11. Hi guys, so im doing some fastbuds auto flowers and everything seemed to be running completely fine. I did a foliar spray with 1ltr warm water to 2ml neem oil 1 teaspoon of dish soap. stupidly enough i did the spray whilst the lights was still on without thinking about the leafs maybe dehydrating or burning under the lights. The following next morning i came back to my girls looking like they're on deaths door. can anyone clarify what i did here.. whether i burnt them or its a deficiency which im not picking up as a first time grower. Im running, just normal compost soil with a 400w hps light, biobizz grom and bloom. 60/40 soil to perlite. I thought maybe over watering as my leafs are really drooping. just any advice would be lovely! they've been like this for about 2-3 days now. they've carried on growing in height but doesnt look like the leafs are repairing also struggling to upload my photos -.-
  12. Hi everyone, I recently directed a project at an event in parliament where patients spoke about how cannabis helps them, along with a quick update from the United Patients Alliance. Thought this community may appreciate it. Positive vibes, Mike.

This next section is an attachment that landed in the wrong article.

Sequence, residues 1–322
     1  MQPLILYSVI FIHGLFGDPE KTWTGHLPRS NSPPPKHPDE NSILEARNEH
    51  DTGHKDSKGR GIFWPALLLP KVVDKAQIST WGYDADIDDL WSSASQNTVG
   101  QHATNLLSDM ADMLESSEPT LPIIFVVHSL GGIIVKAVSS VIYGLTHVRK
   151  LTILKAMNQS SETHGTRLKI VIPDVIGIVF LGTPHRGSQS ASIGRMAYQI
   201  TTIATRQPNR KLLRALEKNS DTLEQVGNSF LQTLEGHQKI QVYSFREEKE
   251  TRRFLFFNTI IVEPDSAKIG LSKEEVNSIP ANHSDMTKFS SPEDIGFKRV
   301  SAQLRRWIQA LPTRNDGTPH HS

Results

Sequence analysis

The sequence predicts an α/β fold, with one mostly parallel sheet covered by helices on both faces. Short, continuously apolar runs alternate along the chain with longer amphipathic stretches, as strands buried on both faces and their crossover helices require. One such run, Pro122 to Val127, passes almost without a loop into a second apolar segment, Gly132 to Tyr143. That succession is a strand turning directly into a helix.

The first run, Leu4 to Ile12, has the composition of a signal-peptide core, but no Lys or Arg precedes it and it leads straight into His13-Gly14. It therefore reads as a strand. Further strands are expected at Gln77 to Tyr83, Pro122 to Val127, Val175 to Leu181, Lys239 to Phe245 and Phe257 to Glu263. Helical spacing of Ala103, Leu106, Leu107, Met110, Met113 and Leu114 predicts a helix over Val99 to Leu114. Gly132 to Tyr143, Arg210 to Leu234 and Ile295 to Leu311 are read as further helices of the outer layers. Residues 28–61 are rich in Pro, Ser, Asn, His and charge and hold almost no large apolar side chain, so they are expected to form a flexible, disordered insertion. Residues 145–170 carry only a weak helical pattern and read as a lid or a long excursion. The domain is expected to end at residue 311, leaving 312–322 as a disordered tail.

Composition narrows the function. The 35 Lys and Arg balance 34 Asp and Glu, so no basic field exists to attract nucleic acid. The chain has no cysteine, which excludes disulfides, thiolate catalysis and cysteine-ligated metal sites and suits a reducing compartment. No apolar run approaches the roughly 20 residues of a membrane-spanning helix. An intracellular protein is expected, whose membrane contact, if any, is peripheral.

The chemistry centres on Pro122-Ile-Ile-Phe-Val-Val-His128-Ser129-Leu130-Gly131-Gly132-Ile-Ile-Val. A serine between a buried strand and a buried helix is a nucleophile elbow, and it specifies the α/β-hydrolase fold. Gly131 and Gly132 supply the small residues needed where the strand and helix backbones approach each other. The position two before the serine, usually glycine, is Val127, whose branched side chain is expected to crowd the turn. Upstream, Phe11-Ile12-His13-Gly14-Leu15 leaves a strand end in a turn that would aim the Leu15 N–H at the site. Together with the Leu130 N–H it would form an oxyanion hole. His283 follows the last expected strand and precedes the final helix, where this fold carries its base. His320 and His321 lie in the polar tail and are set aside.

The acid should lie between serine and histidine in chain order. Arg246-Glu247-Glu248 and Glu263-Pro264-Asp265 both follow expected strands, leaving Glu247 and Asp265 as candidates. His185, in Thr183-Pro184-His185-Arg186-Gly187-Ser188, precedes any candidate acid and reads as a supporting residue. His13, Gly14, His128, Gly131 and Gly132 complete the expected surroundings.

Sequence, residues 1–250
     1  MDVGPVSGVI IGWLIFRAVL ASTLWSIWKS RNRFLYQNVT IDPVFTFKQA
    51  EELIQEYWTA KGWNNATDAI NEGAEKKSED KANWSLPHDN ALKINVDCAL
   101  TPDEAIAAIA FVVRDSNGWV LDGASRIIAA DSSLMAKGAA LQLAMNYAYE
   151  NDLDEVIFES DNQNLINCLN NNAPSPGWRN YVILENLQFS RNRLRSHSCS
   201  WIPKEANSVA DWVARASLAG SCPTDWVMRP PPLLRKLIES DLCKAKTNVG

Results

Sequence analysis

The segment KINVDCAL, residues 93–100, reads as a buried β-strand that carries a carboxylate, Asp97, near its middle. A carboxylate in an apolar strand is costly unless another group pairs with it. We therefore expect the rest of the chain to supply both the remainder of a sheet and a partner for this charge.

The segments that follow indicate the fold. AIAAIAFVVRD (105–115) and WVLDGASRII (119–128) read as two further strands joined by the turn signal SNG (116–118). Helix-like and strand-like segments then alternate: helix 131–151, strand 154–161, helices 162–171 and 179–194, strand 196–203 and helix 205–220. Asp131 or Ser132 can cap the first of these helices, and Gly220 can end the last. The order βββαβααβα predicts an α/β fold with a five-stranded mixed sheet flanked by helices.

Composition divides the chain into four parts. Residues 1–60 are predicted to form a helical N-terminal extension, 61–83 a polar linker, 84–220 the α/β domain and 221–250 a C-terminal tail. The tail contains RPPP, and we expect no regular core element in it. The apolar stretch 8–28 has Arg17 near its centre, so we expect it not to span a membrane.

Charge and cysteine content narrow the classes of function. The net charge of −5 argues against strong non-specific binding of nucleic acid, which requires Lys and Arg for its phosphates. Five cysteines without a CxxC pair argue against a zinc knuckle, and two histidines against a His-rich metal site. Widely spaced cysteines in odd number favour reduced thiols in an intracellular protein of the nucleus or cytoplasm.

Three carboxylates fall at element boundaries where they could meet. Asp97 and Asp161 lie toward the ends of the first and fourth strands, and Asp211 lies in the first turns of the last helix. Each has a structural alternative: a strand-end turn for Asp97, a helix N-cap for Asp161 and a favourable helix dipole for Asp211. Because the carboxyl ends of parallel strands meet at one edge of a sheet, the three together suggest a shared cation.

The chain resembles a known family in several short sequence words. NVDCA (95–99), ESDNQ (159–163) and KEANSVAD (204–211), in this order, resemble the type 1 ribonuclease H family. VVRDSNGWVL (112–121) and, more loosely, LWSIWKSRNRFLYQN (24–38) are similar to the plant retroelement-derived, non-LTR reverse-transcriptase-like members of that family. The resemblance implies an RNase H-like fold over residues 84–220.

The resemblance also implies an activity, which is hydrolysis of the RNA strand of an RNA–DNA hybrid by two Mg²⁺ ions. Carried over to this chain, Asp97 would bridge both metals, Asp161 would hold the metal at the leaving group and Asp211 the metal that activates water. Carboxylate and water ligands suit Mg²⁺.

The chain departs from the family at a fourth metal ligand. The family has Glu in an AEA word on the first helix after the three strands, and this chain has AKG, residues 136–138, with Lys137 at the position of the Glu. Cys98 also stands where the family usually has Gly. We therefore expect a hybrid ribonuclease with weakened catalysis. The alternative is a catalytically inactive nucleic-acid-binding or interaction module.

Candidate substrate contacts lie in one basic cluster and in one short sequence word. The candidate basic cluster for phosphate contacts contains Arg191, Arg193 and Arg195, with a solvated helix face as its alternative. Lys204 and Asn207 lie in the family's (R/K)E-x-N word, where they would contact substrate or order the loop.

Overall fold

13. So here maybe a new idea for you all. ive come across something called the Kratky method. A hydroponics system with is just a bucket filled with water and a basket In the lid filled with perlite. Plant in the middle add nutes to water and grow outside. And it works! People have mentioned that stem rot and things would be likely but from what I’ve seen it works amazing and the buds come out beautiful. gas anyone else done this or is it just a lucky break he had? Also thing for Guerilla Growing purposes it’s amazing. Hang a bucket in a tree with an auto.
  14. Anyone tell me if this light "LED Grow Light, 600W Dual Chips Full Specturn Grow Lamp Red Blue Plant Light for Indoor/Garden/Hydronics/Vegetable/Flowers Growth,UK Plug(10W leds)" on amazon will do for 2 plants?